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This weekend I've been learning how to better use Photoshop by watching the 22 hour training video on DVD, Total Training for Adobe Photoshop CS2, hosted by Deke McClelland. I've been a Photoshop user for about 7 years now since version 4 (where CS2 is like version 9 I think).

So far, my only training with Photoshop in the past has been through hands-on experimentation and countless hours upon hours of image correction and manipulation for the many photos I have on the web. I've been carrying around the Total Training set of DVDs for a while, waiting for the time and impetus to sit down and start the training. I've decided that with the Adobe merger with Macromedia, now is the perfect time to begin improving my existing skills and learning the many, many new features introduced with CS and CS2.

Today I've finished the first 5 modules in Part 1, where the whole DVD training has 3 parts with a total of 34 modules plus an additional 2 modules provided you plugin a key that you get when registering your own copy of Photoshop. The first 5 modules include:

What Photoshop Can Do
An overview of the product via a demo where Deke takes a rather bad landscape image of a hotel in Colorado and turns in into a dramatic image capable of being movie poster quality.
The Bridge
Part of Photoshop, the Bridge is a separate program that runs in its own window and acts as a image organizer and preview tool with many advanced features including batch renaming among others.
Setting Up Shop
Deke shows how to 'tune' Photoshop for the range of settings he thinks are best.
Navigation and Resolution
Learn how to use many shortcuts and tools for different views of an image as well as how to upsample, downsample, and generate print quality images.
Cropping and Rotating
Many new ways to crop images are introduced here, ways that I never new existed.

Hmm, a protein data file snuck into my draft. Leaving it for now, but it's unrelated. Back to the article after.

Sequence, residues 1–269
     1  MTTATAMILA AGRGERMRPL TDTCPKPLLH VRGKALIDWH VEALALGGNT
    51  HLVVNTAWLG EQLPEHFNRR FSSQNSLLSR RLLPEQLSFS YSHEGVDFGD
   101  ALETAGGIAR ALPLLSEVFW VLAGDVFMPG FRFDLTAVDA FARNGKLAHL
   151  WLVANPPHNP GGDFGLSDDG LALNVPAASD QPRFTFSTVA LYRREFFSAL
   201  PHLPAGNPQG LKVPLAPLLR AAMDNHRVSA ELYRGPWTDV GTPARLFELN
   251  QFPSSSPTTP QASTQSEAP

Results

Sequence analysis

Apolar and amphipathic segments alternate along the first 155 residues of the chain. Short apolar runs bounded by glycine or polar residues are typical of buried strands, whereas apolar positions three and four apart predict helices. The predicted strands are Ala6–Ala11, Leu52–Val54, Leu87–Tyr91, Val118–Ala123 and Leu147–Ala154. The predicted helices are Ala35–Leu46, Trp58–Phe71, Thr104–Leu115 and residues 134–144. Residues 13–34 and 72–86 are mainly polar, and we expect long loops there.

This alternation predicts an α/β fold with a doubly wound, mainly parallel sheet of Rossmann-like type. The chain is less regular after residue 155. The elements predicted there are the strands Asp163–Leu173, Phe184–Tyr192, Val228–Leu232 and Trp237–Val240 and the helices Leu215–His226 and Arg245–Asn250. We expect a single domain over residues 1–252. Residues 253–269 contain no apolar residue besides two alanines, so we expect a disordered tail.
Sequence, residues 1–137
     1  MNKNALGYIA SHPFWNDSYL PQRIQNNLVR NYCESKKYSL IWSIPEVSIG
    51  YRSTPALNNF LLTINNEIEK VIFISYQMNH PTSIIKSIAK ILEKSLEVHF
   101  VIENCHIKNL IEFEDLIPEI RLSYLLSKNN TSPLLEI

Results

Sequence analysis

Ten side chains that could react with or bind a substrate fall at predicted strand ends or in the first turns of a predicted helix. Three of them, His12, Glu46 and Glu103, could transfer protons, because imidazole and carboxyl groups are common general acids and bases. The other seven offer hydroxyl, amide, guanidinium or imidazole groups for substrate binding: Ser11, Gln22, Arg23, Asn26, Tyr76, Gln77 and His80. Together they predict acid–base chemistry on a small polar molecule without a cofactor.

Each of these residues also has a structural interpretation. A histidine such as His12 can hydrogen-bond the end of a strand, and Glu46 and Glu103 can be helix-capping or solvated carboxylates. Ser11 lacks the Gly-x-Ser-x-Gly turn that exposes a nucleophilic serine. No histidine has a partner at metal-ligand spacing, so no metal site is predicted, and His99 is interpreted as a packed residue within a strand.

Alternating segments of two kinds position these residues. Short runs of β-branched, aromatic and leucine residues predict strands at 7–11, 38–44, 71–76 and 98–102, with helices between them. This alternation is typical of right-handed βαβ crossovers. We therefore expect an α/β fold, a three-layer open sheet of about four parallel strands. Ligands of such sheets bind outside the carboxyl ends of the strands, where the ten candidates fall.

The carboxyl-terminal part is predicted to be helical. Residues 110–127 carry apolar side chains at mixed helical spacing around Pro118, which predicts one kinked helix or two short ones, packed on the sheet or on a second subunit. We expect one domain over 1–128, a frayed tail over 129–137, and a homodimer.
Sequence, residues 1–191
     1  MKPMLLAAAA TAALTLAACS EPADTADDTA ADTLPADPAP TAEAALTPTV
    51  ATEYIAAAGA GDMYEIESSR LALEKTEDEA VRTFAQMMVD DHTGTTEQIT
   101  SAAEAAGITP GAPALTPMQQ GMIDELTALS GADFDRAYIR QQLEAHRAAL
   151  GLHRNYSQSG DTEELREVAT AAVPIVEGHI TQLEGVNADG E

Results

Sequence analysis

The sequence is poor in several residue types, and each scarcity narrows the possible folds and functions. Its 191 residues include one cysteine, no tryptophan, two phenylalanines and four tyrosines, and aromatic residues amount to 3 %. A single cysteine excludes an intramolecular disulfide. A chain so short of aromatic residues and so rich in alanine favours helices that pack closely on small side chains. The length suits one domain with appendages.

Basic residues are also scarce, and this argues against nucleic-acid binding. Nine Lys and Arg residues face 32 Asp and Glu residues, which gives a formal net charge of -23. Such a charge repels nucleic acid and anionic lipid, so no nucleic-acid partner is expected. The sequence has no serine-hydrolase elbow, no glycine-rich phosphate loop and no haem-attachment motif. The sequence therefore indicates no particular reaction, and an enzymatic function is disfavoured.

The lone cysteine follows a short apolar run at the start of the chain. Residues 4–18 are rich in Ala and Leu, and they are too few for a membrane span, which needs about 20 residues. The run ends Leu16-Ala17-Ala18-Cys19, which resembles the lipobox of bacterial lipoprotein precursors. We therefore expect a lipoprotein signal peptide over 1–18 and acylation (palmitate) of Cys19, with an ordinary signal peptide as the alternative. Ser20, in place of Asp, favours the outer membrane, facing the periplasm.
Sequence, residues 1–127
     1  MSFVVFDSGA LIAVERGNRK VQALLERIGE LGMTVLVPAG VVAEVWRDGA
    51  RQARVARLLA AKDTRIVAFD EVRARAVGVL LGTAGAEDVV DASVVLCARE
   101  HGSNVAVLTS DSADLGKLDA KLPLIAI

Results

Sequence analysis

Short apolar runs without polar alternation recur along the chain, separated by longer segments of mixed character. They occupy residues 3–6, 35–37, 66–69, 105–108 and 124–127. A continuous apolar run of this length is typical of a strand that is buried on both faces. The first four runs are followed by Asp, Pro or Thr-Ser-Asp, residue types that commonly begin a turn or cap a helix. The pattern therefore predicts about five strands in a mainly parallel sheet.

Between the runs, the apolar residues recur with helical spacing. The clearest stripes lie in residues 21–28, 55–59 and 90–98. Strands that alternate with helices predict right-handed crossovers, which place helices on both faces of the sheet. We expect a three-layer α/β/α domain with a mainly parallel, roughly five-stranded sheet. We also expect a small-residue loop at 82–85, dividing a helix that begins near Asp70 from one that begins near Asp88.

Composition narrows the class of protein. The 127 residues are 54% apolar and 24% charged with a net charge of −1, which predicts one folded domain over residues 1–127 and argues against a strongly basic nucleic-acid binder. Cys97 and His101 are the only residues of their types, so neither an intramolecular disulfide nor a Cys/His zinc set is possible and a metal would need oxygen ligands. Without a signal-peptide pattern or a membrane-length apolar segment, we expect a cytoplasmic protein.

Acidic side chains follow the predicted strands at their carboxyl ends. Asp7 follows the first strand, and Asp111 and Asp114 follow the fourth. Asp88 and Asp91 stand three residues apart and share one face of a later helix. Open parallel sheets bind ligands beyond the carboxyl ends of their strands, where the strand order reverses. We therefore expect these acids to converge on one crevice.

To be candid, as I was following along with cropping and rotating lesson using the project files supplied with the training, I couldn't wipe the smile off my face as I starting blurting out a few exclamations ranging from "Wow!" to "I can't believe that!". The advanced cropping features completely blew me away and I realized how to 'intelligently' crop images that might be scanned poorly or be skewed.

The first example was how to take photo that was scanned at an angle so its not perpendicular and use the crop tool angularly, and Photoshop automatically rotates the image correctly when you're done.

Secondly, imagine throwing a handful of photos on a scanner. The resulting scan will be a single image with the photos scattered across it. A single Photoshop tool can automatically select each image, rotate them to be perpendicular, crop them, and open them as separate image files ready to be saved... all in one step. I can't tell you how much time this would have saved me over the years when I was doing all that by hand.

Finally, you're shown how to start with an image that you might have taken in a museum of a framed painting where the frame is tilted and skewed in the photo. Well, using the perspective crop tool you can now easily turn that image into a rectangular, correctly proportioned image as though you had taken it straight-on in the first place.

My description here is a generalization, so I recommend buying the training video for yourself if you want to know all the details in minutia. It cost me about $300 and already seems better than any computer technology training class I've had with a live instructor. The time saving tools and automation tasks are really incredible in CS2, and I can't wait to continue the training.